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House Republicans Want To Strip Power Over Refugees From Obama

The Huffington Post logo The Huffington Post 16/03/2016 Elise Foley
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WASHINGTON -- House Republicans are trying once more to restrict the resettlement of refugees in the United States, by stripping power to set admission numbers from the president and by allowing states and localities to ban those vulnerable individuals from their communities.

The House Judiciary Committee approved this latest anti-refugee bill -- introduced only two days before it was considered by the panel -- on Wednesday. Now it moves to the full chamber for consideration.

The new legislation follows months of efforts to limit refugee resettlement, particularly of Syrians and Iraqis, who were singled out in another bill that passed the House last year. Although the current bill doesn't call for a ban on Muslims, as has been proposed by Republican presidential front-runner Donald Trump, it aligns with his arguments against Syrian refugees: that they could be dangerous and that states should be able to keep them out.

One Republican on the Judiciary Committee went so far as to claim that President Barack Obama might "be vindictive" and send 10,000 Syrian refugees to the very states and counties that objected to taking them in.

"This makes certain that you could have at least four years where a president cannot double, triple, quadruple the number as punishment and send them to you," Rep. Louie Gohmert (R-Texas) said of his amendment to increase the period of time that refugees would be banned from a locality after its officials or legislature expressed their disapproval.

That amendment was rejected, although no other Republican stepped up to dispute his argument about Obama.

The House bill would disallow resettlement of "any refugee" in a particular state for one fiscal year after the governor, state legislature, top local official or local legislature formally expressed disapproval.

Officials in more than half of the states announced last fall that they did not want Syrian refugees to be sent their way, and Texas even sued to block such refugees. Thus far the states lack the power to actually do so.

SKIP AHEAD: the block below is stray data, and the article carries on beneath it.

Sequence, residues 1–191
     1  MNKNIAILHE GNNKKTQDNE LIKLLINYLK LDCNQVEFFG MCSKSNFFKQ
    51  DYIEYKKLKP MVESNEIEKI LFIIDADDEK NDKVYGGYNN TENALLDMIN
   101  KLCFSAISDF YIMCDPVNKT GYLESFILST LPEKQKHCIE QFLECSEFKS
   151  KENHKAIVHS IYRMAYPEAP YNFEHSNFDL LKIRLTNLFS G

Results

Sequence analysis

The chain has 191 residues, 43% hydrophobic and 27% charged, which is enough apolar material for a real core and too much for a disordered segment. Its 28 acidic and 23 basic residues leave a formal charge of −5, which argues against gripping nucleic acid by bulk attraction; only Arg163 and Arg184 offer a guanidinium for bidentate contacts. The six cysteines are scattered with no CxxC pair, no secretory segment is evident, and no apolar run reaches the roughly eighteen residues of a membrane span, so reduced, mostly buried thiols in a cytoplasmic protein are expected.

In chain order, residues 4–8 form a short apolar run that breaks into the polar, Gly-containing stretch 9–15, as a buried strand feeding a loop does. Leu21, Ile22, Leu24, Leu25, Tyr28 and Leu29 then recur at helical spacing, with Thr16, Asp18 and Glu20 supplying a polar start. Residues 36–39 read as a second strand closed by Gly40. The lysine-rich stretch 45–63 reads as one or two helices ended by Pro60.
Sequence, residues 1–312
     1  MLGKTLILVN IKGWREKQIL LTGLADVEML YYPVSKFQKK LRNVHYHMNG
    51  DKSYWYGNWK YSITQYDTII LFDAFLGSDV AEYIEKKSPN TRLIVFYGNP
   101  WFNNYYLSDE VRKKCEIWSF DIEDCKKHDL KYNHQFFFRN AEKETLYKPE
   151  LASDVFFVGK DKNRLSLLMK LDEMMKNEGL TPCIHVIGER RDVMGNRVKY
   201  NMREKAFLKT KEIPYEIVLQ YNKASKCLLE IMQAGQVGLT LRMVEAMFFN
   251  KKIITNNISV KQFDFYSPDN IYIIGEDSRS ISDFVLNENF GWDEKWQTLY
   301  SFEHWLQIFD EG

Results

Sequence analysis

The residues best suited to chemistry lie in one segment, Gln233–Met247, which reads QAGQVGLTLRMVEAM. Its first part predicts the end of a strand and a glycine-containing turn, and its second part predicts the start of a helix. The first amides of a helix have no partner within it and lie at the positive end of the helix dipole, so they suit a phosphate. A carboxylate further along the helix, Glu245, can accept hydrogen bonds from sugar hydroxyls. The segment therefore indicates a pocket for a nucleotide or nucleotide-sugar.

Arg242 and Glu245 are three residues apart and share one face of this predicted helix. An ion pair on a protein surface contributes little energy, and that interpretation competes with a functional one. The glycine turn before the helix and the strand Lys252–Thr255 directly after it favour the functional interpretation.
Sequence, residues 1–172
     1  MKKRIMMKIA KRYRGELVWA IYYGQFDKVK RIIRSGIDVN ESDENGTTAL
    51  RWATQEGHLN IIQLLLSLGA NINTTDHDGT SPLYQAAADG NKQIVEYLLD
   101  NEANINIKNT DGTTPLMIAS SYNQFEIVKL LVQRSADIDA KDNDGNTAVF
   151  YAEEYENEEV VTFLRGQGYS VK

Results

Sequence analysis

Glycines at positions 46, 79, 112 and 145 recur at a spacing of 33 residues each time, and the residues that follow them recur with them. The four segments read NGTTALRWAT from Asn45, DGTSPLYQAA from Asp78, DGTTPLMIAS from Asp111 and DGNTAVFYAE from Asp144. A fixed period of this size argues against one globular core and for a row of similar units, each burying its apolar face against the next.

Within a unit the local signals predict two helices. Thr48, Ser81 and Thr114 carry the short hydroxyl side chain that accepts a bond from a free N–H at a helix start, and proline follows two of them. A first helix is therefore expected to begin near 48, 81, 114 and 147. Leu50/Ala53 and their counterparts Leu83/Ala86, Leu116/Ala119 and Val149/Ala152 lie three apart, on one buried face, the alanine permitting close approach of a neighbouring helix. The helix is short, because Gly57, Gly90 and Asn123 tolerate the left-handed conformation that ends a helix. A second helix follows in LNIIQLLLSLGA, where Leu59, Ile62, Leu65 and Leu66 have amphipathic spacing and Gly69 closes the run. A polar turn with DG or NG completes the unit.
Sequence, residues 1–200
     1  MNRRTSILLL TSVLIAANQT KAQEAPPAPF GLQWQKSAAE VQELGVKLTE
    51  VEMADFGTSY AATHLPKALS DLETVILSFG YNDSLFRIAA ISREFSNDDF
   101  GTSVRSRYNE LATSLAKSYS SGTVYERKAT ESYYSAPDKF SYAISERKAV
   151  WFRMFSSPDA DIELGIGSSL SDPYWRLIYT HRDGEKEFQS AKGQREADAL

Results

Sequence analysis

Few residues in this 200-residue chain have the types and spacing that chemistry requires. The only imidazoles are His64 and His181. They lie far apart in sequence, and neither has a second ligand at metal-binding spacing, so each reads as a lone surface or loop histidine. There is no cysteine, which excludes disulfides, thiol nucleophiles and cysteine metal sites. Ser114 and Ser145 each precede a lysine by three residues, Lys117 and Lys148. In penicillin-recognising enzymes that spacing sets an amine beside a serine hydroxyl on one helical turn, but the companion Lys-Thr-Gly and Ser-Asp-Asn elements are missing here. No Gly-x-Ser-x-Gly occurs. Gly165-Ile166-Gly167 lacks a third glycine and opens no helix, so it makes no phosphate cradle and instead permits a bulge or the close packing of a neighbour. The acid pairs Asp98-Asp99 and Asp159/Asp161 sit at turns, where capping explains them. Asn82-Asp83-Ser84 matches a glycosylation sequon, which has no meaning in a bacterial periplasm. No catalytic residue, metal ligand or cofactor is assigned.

"Considering the terrorist threats facing our nation, we have a right to be concerned about resettlement of refugees from countries that are hotbeds of terrorist activity. ... Essentially ignoring the pleas of communities across the U.S. and leaving refugee resettlement decisions to the administration is no longer a viable option," said Judiciary Committee Chairman Bob Goodlatte (R-Va.).

The legislation would set a cap on total refugee admissions at 60,000 individuals -- 25,000 fewer than Obama proposed for this fiscal year -- which could be changed only with Congress' approval. It would also recommend that those who are in the religious minority in certain countries be prioritized for resettlement.

Democrats argued that the legislation plays off the public's fears and could have a devastating effect on vulnerable individuals.

It appears to be crafted to exclude Muslims from Middle Eastern countries. Rep. Zoe Lofgren (D-Calif.)

Previous proposals to prioritize religious minorities were opposed by Christian- and Jewish-affiliated faith groups on the grounds that they could be discriminatory. Religious persecution is already taken into consideration -- and Democrats and advocates agree that it should be -- but no one category of persecuted individuals is placed above others when the U.S. government admits refugees.

Republicans denied that keeping out Muslims specifically was a goal. As bill sponsor Rep. Raul Labrador (R-Idaho) noted, Muslims are the minority in some of the countries to which the provision would apply, such as Burma.

But Muslims from the Middle East currently make up a huge proportion of the world's refugees, and prioritizing religious minorities right now would reduce their chances of reaching the U.S.

"We would de-prioritize Iraqis and Afghanis who supported U.S. armed services. A woman fleeing sex enslavement by Boko Haram or female genital mutilation would likely be passed over," Rep. Zoe Lofgren (D-Calif.) said at the committee meeting on Wednesday. "A political dissident in North Korea would find no refuge in America because he's not a religious minority."

"It appears to be crafted to exclude Muslims from Middle Eastern countries," Lofgren added.

The bill would also increase requirements for refugees to remain in the U.S., mandating that they undergo regular security screenings until they become legal permanent residents.

Rep. John Conyers of Michigan, the top Democrat on the committee, said the measure "stigmatizes refugees as potential criminals."

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